A senior female officer will lead the investigation into allegations of bullying, misogyny and sexual harassment against women in the submarine service, MPs have heard.
Defence minister Andrew Murrison said he was “concerned” by the reports of inappropriate behaviour, adding the allegations “are and will be taken extremely seriously”.
The Daily Mail said submariners compiled a “crush depth rape list” in which women were ranked in the order they should be raped in a catastrophic event, and that women were frequently screamed at, called c***s and hit with clipboards and pens.
Mr Murrison, responding to an urgent question in the House of Commons, said: “Any activity which falls short of the highest standards of the Royal Navy is totally unacceptable and not a true reflection of what life should be.
“Sexual assault and harassment has no place in the Royal Navy and it will not be tolerated.
“The First Sea Lord has directed a formal investigation into these allegations and this commenced on October 24.
“This independent investigating team, being led by a senior female officer, will thoroughly examine the allegations and report back very soon.”
Mr Murrison said he understood one of the women who spoke to the newspaper had agreed to meet the investigating team to provide her account.
He added: “While this investigation will review specific allegations, defence will also review the culture of the submarine community and report to ministers in due course.”
Mr Murrison went on: “Anyone who is found culpable will be held accountable for their actions, regardless of their rank and their status.”
Conservative MP Tobias Ellwood, who chairs the Defence Committee, said it was “deeply concerning” to see more reports of inappropriate behaviour against women in the Royal Navy.
Mr Ellwood welcomed the new investigation but said: “This is another investigation, only three years ago the MoD (Ministry of Defence) was obliged to commission its own study, the so-called Wigston review, which admitted unacceptable levels of behaviour and sub-optimal systems for dealing with it.”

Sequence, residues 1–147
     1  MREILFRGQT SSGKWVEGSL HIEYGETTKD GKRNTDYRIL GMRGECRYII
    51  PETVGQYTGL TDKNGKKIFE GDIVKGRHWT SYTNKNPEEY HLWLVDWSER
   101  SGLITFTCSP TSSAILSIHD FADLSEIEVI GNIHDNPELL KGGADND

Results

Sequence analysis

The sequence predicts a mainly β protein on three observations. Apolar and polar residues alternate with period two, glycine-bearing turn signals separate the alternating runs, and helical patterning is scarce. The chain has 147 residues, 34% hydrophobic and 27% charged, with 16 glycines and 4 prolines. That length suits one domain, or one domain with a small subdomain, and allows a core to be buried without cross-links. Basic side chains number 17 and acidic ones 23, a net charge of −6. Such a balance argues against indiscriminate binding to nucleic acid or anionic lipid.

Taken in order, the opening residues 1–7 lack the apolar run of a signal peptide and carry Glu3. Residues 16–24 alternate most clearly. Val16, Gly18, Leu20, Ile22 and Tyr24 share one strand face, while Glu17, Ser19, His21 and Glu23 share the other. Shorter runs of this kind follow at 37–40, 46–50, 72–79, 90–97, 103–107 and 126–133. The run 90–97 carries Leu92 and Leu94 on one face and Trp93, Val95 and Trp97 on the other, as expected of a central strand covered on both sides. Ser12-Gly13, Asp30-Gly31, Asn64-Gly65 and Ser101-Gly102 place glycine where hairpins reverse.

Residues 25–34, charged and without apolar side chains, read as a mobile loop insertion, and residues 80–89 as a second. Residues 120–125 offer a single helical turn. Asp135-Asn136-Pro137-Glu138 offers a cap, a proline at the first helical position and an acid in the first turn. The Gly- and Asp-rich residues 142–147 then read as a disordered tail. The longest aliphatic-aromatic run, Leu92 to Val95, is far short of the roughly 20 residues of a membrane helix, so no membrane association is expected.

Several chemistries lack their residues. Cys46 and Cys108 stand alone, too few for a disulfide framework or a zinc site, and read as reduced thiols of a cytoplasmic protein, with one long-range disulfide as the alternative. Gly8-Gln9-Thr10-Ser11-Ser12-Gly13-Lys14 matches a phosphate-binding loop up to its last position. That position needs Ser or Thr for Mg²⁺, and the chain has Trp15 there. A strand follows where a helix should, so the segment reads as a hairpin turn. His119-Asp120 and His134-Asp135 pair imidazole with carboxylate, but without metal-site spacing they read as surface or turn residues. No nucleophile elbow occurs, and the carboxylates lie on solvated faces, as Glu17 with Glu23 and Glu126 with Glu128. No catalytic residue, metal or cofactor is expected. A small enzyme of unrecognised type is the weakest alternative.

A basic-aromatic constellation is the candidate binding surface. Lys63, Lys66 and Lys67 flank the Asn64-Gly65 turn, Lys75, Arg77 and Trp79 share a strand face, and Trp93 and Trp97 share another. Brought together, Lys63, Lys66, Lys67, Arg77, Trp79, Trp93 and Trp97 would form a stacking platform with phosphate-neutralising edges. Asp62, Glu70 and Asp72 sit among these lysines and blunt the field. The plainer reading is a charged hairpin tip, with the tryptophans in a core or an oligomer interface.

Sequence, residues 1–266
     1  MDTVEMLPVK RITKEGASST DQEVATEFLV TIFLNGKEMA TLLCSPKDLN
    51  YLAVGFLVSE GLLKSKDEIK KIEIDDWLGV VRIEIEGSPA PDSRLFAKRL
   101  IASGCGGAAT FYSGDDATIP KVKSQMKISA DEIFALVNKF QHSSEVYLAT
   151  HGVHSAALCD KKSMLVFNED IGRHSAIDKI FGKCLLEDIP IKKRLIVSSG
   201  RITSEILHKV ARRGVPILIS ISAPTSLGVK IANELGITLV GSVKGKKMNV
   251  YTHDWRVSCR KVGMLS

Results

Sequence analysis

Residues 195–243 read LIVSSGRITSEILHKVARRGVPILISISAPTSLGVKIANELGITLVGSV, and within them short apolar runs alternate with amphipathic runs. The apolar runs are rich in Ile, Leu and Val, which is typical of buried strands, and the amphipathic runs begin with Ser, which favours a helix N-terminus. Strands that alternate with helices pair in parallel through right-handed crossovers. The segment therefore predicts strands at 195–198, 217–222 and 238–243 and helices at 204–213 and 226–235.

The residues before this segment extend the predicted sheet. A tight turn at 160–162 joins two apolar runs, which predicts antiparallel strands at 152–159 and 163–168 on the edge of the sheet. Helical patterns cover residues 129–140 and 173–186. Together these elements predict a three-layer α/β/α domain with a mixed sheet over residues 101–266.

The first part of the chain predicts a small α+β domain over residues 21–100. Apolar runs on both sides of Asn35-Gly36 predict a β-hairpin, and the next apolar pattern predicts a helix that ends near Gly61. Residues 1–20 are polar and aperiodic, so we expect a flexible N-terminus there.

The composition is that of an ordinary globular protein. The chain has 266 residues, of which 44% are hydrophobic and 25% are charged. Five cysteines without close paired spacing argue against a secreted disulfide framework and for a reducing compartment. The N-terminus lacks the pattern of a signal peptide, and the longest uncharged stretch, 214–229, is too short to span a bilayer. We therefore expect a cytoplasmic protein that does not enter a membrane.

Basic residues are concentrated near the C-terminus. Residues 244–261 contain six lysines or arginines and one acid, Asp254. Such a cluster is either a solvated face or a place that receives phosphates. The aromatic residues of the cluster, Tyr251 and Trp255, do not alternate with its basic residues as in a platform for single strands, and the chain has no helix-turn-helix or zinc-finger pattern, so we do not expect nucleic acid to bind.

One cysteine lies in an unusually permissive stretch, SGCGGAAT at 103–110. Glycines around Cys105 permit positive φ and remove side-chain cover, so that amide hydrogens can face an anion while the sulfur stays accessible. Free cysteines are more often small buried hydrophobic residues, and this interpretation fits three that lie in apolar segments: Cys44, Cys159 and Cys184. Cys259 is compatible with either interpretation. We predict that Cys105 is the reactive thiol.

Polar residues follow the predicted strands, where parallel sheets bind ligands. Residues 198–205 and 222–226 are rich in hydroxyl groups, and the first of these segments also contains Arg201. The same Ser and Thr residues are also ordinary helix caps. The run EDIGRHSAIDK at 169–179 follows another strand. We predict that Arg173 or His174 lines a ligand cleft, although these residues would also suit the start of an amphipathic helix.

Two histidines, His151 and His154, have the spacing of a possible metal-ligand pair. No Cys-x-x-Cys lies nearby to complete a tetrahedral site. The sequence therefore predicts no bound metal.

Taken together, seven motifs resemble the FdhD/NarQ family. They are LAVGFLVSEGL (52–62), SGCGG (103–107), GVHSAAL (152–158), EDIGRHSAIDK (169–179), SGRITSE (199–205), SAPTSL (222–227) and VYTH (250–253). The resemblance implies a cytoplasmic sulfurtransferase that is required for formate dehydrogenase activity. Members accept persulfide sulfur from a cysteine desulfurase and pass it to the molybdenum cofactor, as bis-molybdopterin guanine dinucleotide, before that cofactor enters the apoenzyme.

He highlighted work by his committee which exposed bullying, harassment and sexual abuse experienced by women, adding the chain of command should be removed from the complaints of a sexual nature.
Mr Ellwood added: “To be fair, the majority leave with a positive view of their time in uniform. But this is about a few personnel that bring the service into disrepute, it’s about a systematic failure of a chain of command, the MoD must now accept its role and prioritise putting this right.”
For Labour, shadow armed forces minister Luke Pollard said “these claims of abuse are extremely serious and must be thoroughly investigated and those responsible must be held accountable”.
He said: “But these reports lift the lid on a culture of abuse and cover up in our Armed Forces where in far too many cases victims are unable to raise their experiences within the chain of command.”
Mr Murrison confirmed the investigation “will include an individual from outside defence, currently being selected for his or her independence and probity and integrity who will be alongside that investigation”.
Conservative chairwoman of the Women and Equalities Committee Caroline Nokes said: “It must not come down to one brave woman being prepared to speak out.”
She added: “There have to be processes in place where every woman and man serving in our Armed Forces has the confidence to come forward … We have to have faster justice for the women who have been victims of this sort of culture.”